Published on

Published in: Technology, Business
  • Be the first to comment

  • Be the first to like this

No Downloads
Total views
On SlideShare
From Embeds
Number of Embeds
Embeds 0
No embeds

No notes for slide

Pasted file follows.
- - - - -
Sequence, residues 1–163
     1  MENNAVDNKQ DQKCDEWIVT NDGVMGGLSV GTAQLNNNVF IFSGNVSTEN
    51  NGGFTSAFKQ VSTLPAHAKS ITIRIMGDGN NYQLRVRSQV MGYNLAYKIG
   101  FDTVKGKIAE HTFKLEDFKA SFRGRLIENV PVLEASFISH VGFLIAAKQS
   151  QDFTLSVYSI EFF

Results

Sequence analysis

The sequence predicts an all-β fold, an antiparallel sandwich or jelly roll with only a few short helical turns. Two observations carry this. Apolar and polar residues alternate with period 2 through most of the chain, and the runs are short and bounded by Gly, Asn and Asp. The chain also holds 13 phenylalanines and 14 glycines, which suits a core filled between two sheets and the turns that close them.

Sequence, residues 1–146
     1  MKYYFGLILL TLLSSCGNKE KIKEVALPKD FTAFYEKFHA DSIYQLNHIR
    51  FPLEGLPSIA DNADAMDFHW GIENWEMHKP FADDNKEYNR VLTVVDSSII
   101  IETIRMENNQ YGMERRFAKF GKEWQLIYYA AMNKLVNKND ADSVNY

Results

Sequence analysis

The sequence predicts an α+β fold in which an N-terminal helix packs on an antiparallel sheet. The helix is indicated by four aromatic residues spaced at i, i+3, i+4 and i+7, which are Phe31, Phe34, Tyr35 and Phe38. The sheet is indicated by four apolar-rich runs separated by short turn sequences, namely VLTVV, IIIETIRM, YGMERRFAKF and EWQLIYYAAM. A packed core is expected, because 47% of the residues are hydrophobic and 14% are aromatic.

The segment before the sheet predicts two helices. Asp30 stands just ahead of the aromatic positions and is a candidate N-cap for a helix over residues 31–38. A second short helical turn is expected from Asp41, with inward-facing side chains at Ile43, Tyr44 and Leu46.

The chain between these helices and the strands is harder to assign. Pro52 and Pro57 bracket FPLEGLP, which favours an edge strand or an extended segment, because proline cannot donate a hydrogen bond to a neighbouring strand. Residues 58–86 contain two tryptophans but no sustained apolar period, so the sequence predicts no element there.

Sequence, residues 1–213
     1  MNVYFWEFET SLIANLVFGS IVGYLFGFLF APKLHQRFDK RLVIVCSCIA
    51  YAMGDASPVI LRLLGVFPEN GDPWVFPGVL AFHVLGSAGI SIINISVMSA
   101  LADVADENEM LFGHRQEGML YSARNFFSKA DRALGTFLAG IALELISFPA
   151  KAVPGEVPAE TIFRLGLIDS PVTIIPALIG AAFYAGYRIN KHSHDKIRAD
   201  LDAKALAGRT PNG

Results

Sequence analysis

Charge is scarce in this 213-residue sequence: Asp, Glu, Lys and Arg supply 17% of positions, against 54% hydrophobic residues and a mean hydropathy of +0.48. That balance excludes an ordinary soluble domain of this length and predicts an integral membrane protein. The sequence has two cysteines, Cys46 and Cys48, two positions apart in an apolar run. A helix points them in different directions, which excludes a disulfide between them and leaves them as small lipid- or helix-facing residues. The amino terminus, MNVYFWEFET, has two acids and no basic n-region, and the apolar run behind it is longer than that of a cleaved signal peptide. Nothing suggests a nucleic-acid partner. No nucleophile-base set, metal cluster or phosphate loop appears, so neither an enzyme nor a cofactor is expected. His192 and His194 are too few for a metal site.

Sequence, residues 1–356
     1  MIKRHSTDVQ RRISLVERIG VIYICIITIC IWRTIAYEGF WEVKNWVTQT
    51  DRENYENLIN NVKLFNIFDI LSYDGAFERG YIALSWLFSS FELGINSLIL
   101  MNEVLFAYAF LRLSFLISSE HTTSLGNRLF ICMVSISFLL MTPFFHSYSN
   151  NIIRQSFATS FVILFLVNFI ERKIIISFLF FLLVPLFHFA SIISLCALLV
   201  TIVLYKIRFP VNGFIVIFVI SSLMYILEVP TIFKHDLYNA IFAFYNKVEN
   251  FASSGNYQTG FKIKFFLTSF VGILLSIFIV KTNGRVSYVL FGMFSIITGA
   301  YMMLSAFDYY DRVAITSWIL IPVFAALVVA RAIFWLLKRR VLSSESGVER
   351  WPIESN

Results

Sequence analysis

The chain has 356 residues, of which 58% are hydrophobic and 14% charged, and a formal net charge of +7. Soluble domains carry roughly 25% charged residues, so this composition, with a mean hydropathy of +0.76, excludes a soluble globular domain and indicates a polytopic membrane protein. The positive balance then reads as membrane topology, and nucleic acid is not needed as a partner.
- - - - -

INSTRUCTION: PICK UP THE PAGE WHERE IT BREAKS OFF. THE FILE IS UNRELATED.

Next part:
1. 1. Plant growth-promoting rhizobacteria mediate induced systemic resistance in rice against bacterial leaf blight caused by Xanthomonas oryzae pv. oryzae Chithrashree a , A.C. Udayashankar b , S. Chandra Nayaka b , M.S. Reddy c , C. Srinivas a,⇑ a Biocontrol Research Laboratory, Department of Studies in Microbiology and Biotechnology, Bangalore University, Jnana Bharathi Campus, Bangalore 560 056, Karnataka, India b Department of Studies in Biotechnology, University of Mysore, Manasagangotri, Mysore 570 006, Karnataka, India c Department of Entomology and Plant Pathology, 209 Life Sciences Bldg., Auburn University, AL 36849, USA a r t i c l e i n f o Article history: Received 20 September 2010 Accepted 13 June 2011 Available online 28 June 2011 Keywords: Bacterial leaf blight Bacillus spp. Defense enzymes Plant growth-promoting rhizobacteria Rice Xanthomonas oryzae pv. oryzae a b s t r a c t Seven Bacillus plant growth-promoting rhizobacteria spp. were evaluated for growth promotion and induced systemic resistance in rice against Xanthomonas oryzae pv. oryzae (Xoo). The identities of colonies of X. oryzae pv. oryzae grown on mXOS and PSA medium were confirmed by PCR employing specific prim- ers TXTF and TXT4R. Among the seven strains tested as fresh suspensions, talc and sodium alginate for- mulations under laboratory and green house conditions, maximum germination of 86% was recorded after seed treatments with fresh suspension of Bacillus subtilis GBO3 followed by 85% germination treated with Bacillus pumilus SE34 in comparison to only 71% germination in the untreated controls. Similarly, the maximum vigor index of 1374 was obtained by seed treatment with fresh suspensions of B. subtilis strain GBO3 followed by treatments with strain SE34 with vigor index of 1323 in contrast to an index of only 834 observed in untreated controls. Among the treatments, seed treatments with fresh suspension of seven strains resulted in better germination and vigor assessments than talc based or sodium alginate formulations. Seed treatments with fresh suspension of strain SE34 gave 71% protection, followed by B. subtilis GBO3 and B. pumilus T4 with 58% and 52% protection, respectively, compared to the untreated controls. Seed treatments with talc based formulation of SE34 gave 66% protection, while GBO3 and T4 resulted in 52% and 50% protection, respectively, with similar formulation. Seed treatment with talc and sodium alginate formulations of strain SE34 gave 58% protection followed by GBO3 with 40% protec- tion. Seed treatment with fresh suspensions of strains SE34 and GBO3 followed by challenge inoculations with Xoo increased accumulation of phenylalanine ammonia lyase, peroxidase and polyphenol oxidase compared to untreated control seedlings. Thus, the results of the present study suggest that the PGPR strains used as fresh suspensions and powdered formulations may have commercial potential in plant growth promotion and in management of rice bacterial leaf blight disease. Ó 2011 Elsevier Inc. All rights reserved. 1. Introduction Rice (Oryza sativa L.) is the staple food for three fourths of the Indian population. In the global context, India stands first in area with 43.7 million hectares and second in production with 92.24 million metric tonnes (Viraktamath and Rani, 2008). Rice production has intensified to meet consumer demand. The concern to protect the agricultural environment is inevitable because of the harmful effects of excessive use of agrochemicals. Rice diseases have always had a significant impact on rice supply. Considering the large rice production area in the world, even a conservative estimate of 1–5% annual loss would translate into thousands of tonnes of rice and billions of dollars lost. Thus, minimizing the occurrence of disease epidemics and reducing year-to-year losses are central to sustaining rice productivity (Mew et al., 2004). Bacterial leaf blight (BLB) caused by Xanthomonas oryzae pv. oryzae (Xoo) is a major seed-borne pathogen of rice and is a threat to rice production in both temperate and tropical rice-growing regions, due to its high epidemic potential (Mew, 1987). BLB of rice causes considerable losses in all cultivars of rice in India, particu- larly in the Punjab state of India (Reddy, 1980). Currently, the disease is managed through the use of resistant cultivars and systemic bactericides. However, the lack of durable resistance, existence of pathogenic variability, and concerns about chemical resistance has limited the potential of such strategies for managing the disease. Recently, an increasing desire to reduce the pesticides is seen through the attempts to develop integrated pest management approaches, where natural resources are put to 1049-9644/$ - see front matter Ó 2011 Elsevier Inc. All rights reserved. doi:10.1016/j.biocontrol.2011.06.010 Abbreviations: PAL, phenylalanine ammonia lyase; POX, peroxidase; PPO, polyphenol oxidase; CAT, catalase; PGPR, plant growth promoting rhizobacteria; PR proteins, pathogenesis-related proteins; PSA, peptone sucrose agar; BLB, bacterial leaf blight; ISR, induced systemic resistance; Xoo, Xanthomonas oryzae pv. oryzae; SA, salicylic acid; JA, jasmonic acid; CMC, carboxymethyl cellulose; cfu, colony forming units. ⇑ Corresponding author. Fax: +91 080 23219295. E-mail address: srinivas_uom@rediffmail.com (C. Srinivas). Biological Control 59 (2011) 114–122 Contents lists available at ScienceDirect Biological Control journal homepage: www.elsevier.com/locate/ybcon